Connecticut drivers may be interested in the results of this summer's three-day blitz of commercial vehicle inspections. Agencies from across North America joined forces in an inspection campaign that resulted in over 20 percent of inspected vehicles, which were primarily transport trucks, being taken out of service for safety violations.
Regulatory agencies and law enforcement authorities joined forces in June to complete the Commercial Vehicle Safety Alliance's annual 72-hour International Roadcheck across North America. Over 67,000 commercial vehicles were given roadside inspections between June 5 and 7. The stated focus of this year's initiative was reducing hours of service violations. As a result, roughly 2 percent of drivers whose records and qualifications were subjected to inspection were sidelined, with the leading reason being a violation of hours-of-service regulations. Drivers were also commonly removed from the roadways for having improperly classified driver's licenses or maintaining false duty statues.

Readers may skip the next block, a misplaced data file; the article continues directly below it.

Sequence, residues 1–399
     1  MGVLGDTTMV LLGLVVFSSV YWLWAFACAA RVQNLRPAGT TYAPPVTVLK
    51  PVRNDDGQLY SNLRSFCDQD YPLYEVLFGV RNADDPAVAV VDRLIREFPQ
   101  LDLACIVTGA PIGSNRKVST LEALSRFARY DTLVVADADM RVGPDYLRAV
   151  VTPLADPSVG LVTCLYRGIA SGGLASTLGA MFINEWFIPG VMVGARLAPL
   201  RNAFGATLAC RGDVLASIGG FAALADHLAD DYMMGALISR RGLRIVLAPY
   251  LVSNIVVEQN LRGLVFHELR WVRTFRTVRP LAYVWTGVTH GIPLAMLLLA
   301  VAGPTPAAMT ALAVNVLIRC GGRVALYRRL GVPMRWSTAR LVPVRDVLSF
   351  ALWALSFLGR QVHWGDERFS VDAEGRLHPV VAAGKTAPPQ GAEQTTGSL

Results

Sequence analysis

One out of every five vehicles subjected to a Level I inspection ended up being taken out of service at least temporarily. The most commonly cited reason for trucks failing inspection was substandard braking systems, which accounted for 28.3 percent of the disqualifications issued by the various agencies. The next most common reason for sidelining trucks was the continued use of tires or wheels that were deemed unsafe. Tire and wheel violations constituted 19 percent of disqualifications. This was followed by improperly adjusted brakes, which took 16 percent of those sidelined out of service.
Commercial vehicle accidents are often more complicated than other wrecks because they can involve many responsible parties. By consulting with a qualified injury lawyer who has experience in litigating truck accidents, a victim could gain peace of mind about their claim for damages.